“Hey, don’t get the idea that we’re a ‘one-take’ group. It’s just that with that particular number we captured the right feeling, first time.
“That’s very important to us… it’s inherent in our music that we have the feeling… the edge in projecting our personal electricity.
“Sometimes it’s the take that has the most fluffs and the boobs on it that comes out sounding the best, simply because it’s got just the right feeling into it. I mean no matter how much you turned up the volume on your stereo, you just couldn’t dig a nicely played cut of ‘Keep On Chooglin!’
Stu then went on to reveal that as yet no dates had been booked for any concert appearances or for recording sessions.
“This I do know… we’ve set aside nine weeks during the Summer from which we’ll pick four of them to tour Europe.”
And of the possibilities that they may be joined by Booker T & the MG’s, Stu added. “That’s quite possible. They are our closest musical friends and we get along just fine. It’s always a pleasure to play with them… we just break out the beer and have a good time.”
Of their future plans Stu went on to relate that he envisages a point when future albums by Creedence may well feature various members of the group performing their own material.
“Of course they will have to be up to the high standard which we have previously set ourselves. This is just part of a loosening up policy. I mean there’s just no reason why we should do the same things year-in, year-out.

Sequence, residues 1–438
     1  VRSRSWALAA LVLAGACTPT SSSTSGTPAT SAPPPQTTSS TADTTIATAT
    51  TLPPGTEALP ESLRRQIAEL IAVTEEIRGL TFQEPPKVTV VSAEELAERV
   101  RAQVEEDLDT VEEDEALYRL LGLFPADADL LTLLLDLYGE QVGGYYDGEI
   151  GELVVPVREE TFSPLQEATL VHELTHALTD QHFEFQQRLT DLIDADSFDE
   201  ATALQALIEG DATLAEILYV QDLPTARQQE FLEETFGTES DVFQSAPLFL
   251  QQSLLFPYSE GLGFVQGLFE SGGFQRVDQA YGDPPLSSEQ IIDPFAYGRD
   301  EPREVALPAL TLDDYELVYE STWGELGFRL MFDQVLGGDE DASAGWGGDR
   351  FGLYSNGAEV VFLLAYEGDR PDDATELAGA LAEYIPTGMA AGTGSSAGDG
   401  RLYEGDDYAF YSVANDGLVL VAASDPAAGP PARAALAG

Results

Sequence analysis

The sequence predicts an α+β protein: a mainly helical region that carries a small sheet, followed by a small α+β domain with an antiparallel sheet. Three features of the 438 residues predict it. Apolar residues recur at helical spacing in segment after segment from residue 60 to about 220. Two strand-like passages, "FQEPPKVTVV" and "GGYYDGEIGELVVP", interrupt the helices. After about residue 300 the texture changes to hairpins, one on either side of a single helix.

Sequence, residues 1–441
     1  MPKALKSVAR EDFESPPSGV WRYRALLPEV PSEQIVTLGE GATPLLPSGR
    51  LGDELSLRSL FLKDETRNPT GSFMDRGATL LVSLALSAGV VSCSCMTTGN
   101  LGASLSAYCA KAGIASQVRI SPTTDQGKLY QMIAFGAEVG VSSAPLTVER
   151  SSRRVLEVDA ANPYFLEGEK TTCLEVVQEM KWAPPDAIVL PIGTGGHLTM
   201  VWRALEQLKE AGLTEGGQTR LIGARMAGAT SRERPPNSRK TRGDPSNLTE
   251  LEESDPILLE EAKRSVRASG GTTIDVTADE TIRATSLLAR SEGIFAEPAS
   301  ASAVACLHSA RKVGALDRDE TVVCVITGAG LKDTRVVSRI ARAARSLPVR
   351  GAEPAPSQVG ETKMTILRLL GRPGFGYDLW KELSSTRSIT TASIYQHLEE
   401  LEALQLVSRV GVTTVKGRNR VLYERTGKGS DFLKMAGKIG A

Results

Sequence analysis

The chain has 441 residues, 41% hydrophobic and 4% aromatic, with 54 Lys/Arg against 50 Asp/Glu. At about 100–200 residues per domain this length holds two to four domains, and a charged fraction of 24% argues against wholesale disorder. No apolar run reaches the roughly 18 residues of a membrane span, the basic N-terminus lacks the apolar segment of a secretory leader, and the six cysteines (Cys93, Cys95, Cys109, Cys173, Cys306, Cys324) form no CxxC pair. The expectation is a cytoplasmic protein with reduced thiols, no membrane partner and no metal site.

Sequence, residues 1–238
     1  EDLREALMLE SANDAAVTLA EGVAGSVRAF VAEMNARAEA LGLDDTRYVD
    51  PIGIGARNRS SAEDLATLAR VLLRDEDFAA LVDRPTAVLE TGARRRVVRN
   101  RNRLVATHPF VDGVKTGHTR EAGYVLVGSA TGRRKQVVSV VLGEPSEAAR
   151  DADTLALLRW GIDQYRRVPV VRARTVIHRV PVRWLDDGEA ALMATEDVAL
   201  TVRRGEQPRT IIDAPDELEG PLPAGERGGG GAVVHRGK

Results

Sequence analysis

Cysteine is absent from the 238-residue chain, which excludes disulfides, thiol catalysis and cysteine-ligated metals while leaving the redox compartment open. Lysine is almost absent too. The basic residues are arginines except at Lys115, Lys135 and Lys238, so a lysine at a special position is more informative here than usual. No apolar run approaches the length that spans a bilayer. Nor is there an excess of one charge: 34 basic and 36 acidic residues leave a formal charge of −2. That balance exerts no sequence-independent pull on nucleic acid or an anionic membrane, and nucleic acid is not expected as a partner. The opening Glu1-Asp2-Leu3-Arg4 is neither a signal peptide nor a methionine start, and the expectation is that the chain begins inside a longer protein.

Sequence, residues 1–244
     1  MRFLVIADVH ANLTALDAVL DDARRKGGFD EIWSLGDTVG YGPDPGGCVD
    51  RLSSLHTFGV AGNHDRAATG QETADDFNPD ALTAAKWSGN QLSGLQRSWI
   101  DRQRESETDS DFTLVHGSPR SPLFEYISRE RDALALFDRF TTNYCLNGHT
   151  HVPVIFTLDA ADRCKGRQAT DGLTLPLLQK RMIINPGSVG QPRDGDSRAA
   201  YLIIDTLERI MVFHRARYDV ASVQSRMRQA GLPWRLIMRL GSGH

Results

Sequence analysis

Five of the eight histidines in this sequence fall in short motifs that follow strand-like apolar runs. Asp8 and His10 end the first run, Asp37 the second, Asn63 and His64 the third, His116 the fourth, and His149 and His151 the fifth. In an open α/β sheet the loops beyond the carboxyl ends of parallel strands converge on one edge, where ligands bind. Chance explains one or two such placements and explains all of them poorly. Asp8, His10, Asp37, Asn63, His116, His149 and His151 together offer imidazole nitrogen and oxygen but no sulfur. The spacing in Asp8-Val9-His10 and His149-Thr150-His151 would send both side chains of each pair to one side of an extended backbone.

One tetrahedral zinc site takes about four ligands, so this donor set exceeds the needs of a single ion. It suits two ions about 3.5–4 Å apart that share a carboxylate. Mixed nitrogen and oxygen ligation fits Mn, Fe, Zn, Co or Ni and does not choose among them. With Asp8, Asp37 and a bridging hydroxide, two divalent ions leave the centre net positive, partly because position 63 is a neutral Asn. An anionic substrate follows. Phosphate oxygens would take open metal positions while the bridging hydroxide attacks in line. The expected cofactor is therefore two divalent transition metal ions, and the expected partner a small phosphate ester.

“There’s even a possibility that we may do solo albums if we feel the urge to do so… but again there’s nothing definite. It’s just a matter of seeing how things go.”
Creedence would like to involve themselves in the celluloid arts but as yet are still reticent to undertake any move, for as Stu took pains to point out, “The problem of doing a film is that immediately someone else is in charge. Now that’s where the compromise starts and you don’t know where it will eventually end.
“We’ve talked about it a lot but that’s about all. Quite a number of people have asked us to write and record the soundtrack for various movies but we haven’t bothered. All they really want to do is to use your name to tag onto their product. There’s just no point in having a bunch of skeletons in the closet when you don’t have to.
“As a group we have always been most careful in what we do and we’re not going to change that policy now, not for anything.” – STU COOK INTERVIEWED BY ROY CARR FOR NEW MUSICAL EXPRESS, JANUARY ’71